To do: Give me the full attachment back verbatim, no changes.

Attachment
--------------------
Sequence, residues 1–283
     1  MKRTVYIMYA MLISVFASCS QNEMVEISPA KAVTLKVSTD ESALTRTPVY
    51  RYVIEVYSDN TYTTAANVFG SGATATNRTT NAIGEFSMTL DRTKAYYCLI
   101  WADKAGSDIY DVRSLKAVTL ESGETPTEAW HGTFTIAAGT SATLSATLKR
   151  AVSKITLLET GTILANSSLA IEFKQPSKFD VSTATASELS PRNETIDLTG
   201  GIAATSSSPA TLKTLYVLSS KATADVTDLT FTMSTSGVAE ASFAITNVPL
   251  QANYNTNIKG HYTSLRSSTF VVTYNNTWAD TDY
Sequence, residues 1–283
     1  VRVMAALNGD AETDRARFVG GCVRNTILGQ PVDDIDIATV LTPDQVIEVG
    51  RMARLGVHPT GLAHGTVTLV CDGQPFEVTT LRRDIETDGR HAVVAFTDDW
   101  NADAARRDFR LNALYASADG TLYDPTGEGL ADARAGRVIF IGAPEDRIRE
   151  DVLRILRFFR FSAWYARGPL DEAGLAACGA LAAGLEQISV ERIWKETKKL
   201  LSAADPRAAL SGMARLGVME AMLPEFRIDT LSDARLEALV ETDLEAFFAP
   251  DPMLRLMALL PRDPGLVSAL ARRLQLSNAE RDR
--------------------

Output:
Sequence, residues 1–283
     1  MKRTVYIMYA MLISVFASCS QNEMVEISPA KAVTLKVSTD ESALTRTPVY
    51  RYVIEVYSDN TYTTAANVFG SGATATNRTT NAIGEFSMTL DRTKAYYCLI
   101  WADKAGSDIY DVRSLKAVTL ESGETPTEAW HGTFTIAAGT SATLSATLKR
   151  AVSKITLLET GTILANSSLA IEFKQPSKFD VSTATASELS PRNETIDLTG
   201  GIAATSSSPA TLKTLYVLSS KATADVTDLT FTMSTSGVAE ASFAITNVPL
   251  QANYNTNIKG HYTSLRSSTF VVTYNNTWAD TDY
Sequence, residues 1–283
     1  VRVMAALNGD AETDRARFVG GCVRNTILGQ PVDDIDIATV LTPDQVIEVG
    51  RMARLGVHPT GLAHGTVTLV CDGQPFEVTT LRRDIETDGR HAVVAFTDDW
   101  NADAARRDFR LNALYASADG TLYDPTGEGL ADARAGRVIF IGAPEDRIRE
   151  DVLRILRFFR FSAWYARGPL DEAGLAACGA LAAGLEQISV ERIWKETKKL
   201  LSAADPRAAL SGMARLGVME AMLPEFRIDT LSDARLEALV ETDLEAFFAP
   251  DPMLRLMALL PRDPGLVSAL ARRLQLSNAE RDR